Taking care of your feet combined with chiropractic care may have a significant effect on how you feel according to the New Zealand Chiropractors’ Association (NZCA).
Chiropractor and NZCA spokesperson Dr Cassandra Fairest explains: ‘We’ve warned people about the effects of high heels and challenging footwear on health but the latest research suggests that modifying what you wear on your feet combined with chiropractic care may have a significant effect on foot function as well as decreased pain throughout the rest of the body, especially the spine.’
A new study suggests custom orthotics (shoe inserts) in combination with chiropractic care are significantly effective for relieving pain and improving function in patients with chronic low back pain.
The randomised study of 225 adult subjects with symptomatic lower back pain for three months found that patients who received custom-made orthotics and those who received custom orthotics plus chiropractic care experienced significant improvements in pain and function compared to patients receiving no intervention. Comparing the orthotics-only and “plus” groups, the patients receiving chiropractic care achieved greater improvements in function, but similar pain relief was found in the orthotics-only group.
Dr Fairest adds: `How you walk and how you look after your feet can have a tremendous impact on posture, spinal function and overall health. We know that for every 20 minutes you spend sitting, it takes your spine about 30 minutes of standing or 5 minutes of walking to recover., Spring is the perfect time of year to gently increase activity after the winter months. Walking regularly will also help improve your immune system, blood and lymph circulation, enhance mood and energy levels, and help maintain good levels of bone density.’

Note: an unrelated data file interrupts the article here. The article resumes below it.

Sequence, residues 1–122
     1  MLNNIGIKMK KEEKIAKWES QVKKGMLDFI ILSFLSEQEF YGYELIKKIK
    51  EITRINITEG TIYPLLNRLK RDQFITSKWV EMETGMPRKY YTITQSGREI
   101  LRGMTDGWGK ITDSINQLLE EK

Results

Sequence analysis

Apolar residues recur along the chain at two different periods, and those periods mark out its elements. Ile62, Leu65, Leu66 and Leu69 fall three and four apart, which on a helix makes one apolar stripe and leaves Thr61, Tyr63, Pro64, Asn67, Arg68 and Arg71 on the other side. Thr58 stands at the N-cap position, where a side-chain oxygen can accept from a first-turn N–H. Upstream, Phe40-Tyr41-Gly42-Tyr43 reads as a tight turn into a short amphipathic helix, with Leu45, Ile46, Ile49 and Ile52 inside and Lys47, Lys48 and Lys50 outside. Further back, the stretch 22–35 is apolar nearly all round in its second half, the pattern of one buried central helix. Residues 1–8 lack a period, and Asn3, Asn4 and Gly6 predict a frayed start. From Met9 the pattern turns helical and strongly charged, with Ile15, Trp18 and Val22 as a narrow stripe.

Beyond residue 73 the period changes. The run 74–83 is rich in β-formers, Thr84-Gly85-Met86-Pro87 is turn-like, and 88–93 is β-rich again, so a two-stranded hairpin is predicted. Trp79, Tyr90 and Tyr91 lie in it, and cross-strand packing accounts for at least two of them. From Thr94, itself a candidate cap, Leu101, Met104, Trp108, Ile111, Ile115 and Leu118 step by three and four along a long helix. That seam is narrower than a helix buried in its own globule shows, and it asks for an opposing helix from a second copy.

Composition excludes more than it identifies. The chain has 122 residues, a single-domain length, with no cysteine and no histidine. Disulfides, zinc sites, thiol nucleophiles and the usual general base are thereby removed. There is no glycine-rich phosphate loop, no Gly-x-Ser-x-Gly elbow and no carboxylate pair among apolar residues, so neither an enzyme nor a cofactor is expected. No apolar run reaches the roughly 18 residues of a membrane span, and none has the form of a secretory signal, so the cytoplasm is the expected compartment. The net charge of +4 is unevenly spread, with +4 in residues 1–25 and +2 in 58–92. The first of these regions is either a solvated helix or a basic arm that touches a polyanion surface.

The NZCA has developed a Just Start Walking programme to put a spring in your step but recommends getting a spinal check-up with your family chiropractor prior to starting any new exercise regime. An NZCA chiropractor will evaluate your spine and nervous system for dysfunction and analyse your posture for imbalances, two conditions which may predispose you to walking related injuries.
Some Tips on How to Get Started
- Visit your local NZCA chiropractor for a spinal system check up
- Commit to a nine week walking programme
- Start slowly – set achievable targets to prevent injury and to motivate you
- Find a friend or work colleague to walk with
- Wear appropriate footwear which is designed for walking
- Warm up with gentle stretching exercises at the start and end of your walk
- Drink plenty of water and have regular breaks and healthy snacks
- Mix it up – walking different routes, at different speeds with different inclines
- Enjoy your walking!
 Restaino RM, Holwerda SW, Credeur DP, Fadel PJ, Padilla J. Impact of prolonged sitting on lower and upper limb micro- and macrovascular dilator function. Experimental Physiology 2015;100(7):829-38.